In everything I’ve observed, experimented with, and practiced over the past 20 years, the one thing you can depend on—and the one thing you can’t do without—is managing your ability to persist.
And in nearly every case I’ve ever studied or witnessed, when a business fails or an entrepreneur struggles, it’s because they fought or are fighting this principle, and its core components.
So, if you want to achieve something great with your marketing, here’s what I’ve learned managing your ability to persist comes down to:
1) Being action-oriented
If you want to persist in your marketing efforts long enough for them to pay you back and then some, you need to be action-oriented.
Too many marketers are decision-oriented: As in, they spend all their time not making decisions.
Actions demand choices, as you can only do so many things at once. We have an endless capacity to plan, but a limited capacity to act.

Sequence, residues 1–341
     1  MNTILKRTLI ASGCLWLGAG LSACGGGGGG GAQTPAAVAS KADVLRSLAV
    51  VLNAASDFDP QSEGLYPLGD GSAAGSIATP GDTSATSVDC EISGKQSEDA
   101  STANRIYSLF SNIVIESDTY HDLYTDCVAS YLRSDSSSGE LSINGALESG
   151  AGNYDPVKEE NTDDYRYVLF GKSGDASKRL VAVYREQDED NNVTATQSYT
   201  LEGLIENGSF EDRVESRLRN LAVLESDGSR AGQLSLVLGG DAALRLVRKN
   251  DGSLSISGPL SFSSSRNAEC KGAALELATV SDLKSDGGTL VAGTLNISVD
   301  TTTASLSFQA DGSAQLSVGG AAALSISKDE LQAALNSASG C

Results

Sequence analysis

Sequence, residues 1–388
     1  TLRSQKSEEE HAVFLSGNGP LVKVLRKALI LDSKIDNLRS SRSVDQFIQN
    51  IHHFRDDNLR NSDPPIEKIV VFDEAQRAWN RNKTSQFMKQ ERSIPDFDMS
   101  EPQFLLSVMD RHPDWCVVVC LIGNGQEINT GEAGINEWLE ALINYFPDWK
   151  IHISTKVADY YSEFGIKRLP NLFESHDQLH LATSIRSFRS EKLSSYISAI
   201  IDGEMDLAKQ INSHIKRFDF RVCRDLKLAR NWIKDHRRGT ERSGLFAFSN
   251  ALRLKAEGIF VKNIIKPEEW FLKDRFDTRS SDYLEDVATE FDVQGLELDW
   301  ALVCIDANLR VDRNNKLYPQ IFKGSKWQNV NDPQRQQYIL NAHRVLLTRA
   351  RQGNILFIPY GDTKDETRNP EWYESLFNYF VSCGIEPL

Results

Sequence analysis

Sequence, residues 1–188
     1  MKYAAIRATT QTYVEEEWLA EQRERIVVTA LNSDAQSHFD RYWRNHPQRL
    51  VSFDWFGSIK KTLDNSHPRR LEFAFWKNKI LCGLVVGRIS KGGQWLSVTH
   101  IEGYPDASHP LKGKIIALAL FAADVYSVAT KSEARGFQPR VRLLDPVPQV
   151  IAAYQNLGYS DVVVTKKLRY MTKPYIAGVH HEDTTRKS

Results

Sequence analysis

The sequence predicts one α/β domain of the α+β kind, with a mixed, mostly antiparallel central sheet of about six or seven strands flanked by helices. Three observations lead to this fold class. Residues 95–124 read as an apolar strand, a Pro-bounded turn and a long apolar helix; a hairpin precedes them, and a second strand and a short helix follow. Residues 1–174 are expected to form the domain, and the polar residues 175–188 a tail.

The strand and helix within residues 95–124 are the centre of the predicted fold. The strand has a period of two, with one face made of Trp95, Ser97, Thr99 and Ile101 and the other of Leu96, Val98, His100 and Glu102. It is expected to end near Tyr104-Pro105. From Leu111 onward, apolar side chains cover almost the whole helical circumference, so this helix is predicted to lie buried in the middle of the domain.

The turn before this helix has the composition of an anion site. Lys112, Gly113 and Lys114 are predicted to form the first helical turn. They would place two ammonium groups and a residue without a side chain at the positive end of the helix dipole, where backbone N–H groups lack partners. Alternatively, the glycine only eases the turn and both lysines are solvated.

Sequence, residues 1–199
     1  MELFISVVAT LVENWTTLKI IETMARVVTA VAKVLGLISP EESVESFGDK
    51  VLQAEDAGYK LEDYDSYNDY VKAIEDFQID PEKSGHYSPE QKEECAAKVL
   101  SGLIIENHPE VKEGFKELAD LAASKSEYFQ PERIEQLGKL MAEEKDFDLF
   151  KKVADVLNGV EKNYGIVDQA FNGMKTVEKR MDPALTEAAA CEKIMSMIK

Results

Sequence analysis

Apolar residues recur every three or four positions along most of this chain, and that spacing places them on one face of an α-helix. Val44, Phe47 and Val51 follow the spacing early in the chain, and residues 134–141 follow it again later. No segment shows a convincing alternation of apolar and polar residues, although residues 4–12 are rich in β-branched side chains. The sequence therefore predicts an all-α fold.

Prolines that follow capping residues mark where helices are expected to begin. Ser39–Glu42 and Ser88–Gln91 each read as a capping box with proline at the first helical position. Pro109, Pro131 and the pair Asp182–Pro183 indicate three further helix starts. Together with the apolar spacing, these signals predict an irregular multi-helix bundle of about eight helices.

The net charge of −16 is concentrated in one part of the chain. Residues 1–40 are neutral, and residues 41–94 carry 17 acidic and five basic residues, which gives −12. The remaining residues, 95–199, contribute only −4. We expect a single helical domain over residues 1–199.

Lean into that, and make sure whatever it is you’re going to do, it involves actually doing something, not just planning to do something, deciding on something, or researching something.
Those things precede action, but they are not action in themselves.
Before working with us, one of our clients had invested tens of thousands of dollars into various marketing activities, to no obvious result. Not because her business wasn’t doing anything, but because they were doing a bit of everything—never truly deciding.
A year after our first project together—during which we cut their number of services in half, selecting for their very best clients—the entrepreneur-owner credits the clarity we gave her with fully achieving her dreams for her business.
We credit the fact that she was able to finally make marketing decisions that were best for her, instead of a mix of what everyone else is doing.